Thursday, May 19, 2011

Doctor, Doctor

"Doctor, Doctor,
Mr. M.D.
Now can you tell me, tell me, tell me,
What's ailin' me?"

Except, in this case it was a "Ms. M.D.", and she was able to confirm that what is ailing me is plantar fasciitis. She gave me a series of stretches and exercises to do, and told me that if I do them religiously for three weeks, it should start to improve. They are not all fun, but clearly I need to make a change. The Komen 3-Day walk is just four months away, and right now, six miles would be a challenge, let alone 60. I've also been wearing a night splint, which is not the most comfortable thing in the world, but does appear to help.

Interestingly, the doctor I saw is from my old stomping ground and we went to high schools in the same athletic league, although she was clearly in school several decades after my high school days were a fading memory. She also was medical crew for a Susan G. Komen 3-Day event in Philly a few years ago, and said it was an amazing experience.

I cannot imagine now not doing this walk, and need to get my foot healed. Whoops, time to stretch!

Wednesday, May 11, 2011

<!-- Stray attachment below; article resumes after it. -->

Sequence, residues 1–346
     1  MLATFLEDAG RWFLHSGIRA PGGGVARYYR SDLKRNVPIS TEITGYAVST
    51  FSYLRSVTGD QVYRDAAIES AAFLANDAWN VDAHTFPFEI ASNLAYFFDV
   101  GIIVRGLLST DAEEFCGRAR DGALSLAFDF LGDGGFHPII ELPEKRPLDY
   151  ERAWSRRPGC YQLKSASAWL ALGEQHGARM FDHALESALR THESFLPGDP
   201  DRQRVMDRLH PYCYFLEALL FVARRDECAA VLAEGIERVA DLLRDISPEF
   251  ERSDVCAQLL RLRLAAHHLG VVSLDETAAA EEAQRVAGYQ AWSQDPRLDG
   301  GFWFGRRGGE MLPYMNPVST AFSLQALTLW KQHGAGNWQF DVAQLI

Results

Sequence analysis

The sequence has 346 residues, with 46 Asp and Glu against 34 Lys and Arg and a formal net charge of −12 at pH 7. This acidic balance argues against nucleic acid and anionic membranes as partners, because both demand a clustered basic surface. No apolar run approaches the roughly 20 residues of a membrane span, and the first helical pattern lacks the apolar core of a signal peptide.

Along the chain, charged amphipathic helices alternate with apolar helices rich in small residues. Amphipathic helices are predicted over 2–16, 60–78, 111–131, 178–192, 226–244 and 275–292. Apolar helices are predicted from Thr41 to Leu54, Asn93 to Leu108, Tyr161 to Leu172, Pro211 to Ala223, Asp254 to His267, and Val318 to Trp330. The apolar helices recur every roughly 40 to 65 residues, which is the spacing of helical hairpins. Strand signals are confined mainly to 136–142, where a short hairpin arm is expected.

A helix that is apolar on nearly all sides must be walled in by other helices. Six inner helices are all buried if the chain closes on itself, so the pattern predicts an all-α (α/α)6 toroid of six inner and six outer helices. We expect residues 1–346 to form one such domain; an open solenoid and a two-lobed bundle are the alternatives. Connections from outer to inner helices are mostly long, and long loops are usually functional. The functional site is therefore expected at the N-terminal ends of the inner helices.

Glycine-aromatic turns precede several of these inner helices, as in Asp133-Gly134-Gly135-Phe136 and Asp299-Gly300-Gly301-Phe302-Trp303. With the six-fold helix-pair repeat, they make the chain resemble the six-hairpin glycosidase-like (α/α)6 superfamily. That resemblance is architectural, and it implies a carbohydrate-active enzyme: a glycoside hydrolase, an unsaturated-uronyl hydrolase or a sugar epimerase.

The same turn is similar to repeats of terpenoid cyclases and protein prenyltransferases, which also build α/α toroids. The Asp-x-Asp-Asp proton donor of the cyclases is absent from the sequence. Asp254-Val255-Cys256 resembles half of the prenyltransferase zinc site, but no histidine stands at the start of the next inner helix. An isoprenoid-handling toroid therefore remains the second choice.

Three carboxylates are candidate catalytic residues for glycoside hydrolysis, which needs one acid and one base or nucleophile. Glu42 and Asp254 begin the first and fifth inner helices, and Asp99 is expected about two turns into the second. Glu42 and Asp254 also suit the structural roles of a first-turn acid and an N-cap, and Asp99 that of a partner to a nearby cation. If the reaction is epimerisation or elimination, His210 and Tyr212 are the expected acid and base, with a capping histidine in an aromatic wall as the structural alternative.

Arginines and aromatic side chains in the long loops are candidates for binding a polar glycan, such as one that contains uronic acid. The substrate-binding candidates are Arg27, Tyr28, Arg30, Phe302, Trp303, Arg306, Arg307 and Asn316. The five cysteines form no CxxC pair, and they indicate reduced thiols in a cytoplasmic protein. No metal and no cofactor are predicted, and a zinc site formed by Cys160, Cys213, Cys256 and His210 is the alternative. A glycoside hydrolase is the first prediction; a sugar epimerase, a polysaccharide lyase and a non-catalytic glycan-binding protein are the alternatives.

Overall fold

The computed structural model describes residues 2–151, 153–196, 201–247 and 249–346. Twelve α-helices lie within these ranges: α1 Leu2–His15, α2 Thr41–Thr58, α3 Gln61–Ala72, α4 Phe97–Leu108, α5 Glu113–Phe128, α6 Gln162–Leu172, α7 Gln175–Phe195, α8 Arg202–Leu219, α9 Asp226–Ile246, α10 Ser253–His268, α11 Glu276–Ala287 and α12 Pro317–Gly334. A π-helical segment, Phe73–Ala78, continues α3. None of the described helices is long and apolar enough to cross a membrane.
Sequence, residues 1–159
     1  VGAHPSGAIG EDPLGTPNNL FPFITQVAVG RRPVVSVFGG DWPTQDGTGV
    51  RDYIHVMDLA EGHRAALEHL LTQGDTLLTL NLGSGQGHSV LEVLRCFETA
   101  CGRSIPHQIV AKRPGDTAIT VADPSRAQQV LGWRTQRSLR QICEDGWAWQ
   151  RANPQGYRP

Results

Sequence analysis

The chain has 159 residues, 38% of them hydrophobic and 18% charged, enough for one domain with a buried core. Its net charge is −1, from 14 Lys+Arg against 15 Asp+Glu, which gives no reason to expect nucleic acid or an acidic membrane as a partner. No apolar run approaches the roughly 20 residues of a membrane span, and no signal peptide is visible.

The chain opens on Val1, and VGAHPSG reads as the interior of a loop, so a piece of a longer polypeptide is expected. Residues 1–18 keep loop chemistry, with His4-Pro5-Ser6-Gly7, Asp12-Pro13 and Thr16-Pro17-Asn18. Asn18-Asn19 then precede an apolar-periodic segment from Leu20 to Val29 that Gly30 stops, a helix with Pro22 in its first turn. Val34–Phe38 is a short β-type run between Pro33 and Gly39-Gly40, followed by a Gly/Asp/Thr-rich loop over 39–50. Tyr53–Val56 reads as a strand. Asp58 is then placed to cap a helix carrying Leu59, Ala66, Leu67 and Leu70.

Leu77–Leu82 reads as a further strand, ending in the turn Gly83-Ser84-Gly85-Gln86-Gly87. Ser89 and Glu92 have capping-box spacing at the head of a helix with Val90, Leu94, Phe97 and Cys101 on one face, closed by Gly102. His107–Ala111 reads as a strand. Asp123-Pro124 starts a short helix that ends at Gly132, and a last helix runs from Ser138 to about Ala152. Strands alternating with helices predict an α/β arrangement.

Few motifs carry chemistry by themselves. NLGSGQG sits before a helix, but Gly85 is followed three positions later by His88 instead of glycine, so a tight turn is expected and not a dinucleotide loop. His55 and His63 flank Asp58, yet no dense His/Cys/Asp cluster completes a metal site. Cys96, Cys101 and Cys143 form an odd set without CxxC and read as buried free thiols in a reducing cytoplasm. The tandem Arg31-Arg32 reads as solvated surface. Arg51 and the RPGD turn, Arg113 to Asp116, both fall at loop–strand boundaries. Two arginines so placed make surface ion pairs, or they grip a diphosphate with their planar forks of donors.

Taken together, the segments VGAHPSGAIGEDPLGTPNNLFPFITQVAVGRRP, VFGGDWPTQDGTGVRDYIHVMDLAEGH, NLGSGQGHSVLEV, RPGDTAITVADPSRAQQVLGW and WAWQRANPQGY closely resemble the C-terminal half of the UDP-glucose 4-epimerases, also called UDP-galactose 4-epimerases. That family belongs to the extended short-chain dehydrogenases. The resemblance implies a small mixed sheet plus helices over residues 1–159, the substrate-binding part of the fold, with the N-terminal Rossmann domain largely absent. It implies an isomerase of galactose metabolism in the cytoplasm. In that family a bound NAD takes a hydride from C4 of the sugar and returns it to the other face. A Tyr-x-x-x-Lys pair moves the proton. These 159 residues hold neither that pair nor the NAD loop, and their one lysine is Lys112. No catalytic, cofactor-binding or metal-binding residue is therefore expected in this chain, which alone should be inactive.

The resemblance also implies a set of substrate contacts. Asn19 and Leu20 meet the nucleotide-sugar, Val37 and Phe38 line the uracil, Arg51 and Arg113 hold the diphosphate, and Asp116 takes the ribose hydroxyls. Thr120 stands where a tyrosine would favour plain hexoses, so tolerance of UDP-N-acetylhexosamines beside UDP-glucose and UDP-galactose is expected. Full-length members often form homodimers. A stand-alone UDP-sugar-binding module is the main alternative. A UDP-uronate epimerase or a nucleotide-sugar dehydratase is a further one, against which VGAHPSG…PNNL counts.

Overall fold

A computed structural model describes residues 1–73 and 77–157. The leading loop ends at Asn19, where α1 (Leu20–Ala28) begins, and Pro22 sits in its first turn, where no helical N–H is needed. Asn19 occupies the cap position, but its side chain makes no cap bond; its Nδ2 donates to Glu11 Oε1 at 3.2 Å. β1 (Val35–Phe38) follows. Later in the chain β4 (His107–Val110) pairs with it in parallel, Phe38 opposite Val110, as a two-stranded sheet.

Short Walks, Some Pain

After six days of inactivity, wearing a night splint, ice, and stretching, my foot was feeling okay when I walked around a bit. So yesterday at lunch, it being a gorgeous day, I decided to walk down by the river to Browns Island. When I got there, my foot still felt alright, so I walked along the trail and pipeline past the great blue heron colony. The herons were out in force, so I resolved to come back today with a camera, which I did. Eventually, I will post some photos on my other blog, Oh, to be Hiking!

Each day’s walk was about 1.5 to 1.75 miles. Unfortunately, I now have more pain in my left heel, even though I took a nice slow and steady pace. The pain I was not feeling when walking a bit is now in evidence once I sit down for a little while and take those first steps. That is discouraging, but it is also reality. I know that even really short walks may be overdoing it right now.

I made a doctor appointment for two weeks from now, and am trying other doctors to see if I can get one closer. Next week would be ideal. So far, I am not having any luck. I would like a specialist to evaluate the injury and recommend exactly what types of exercises and/or stretching I should do, and how long I need to stay inactive. I did do a lot of water aerobics Monday night with no pain, and am thinking I need to do more of that. Maybe it is even a good time to learn to swim better.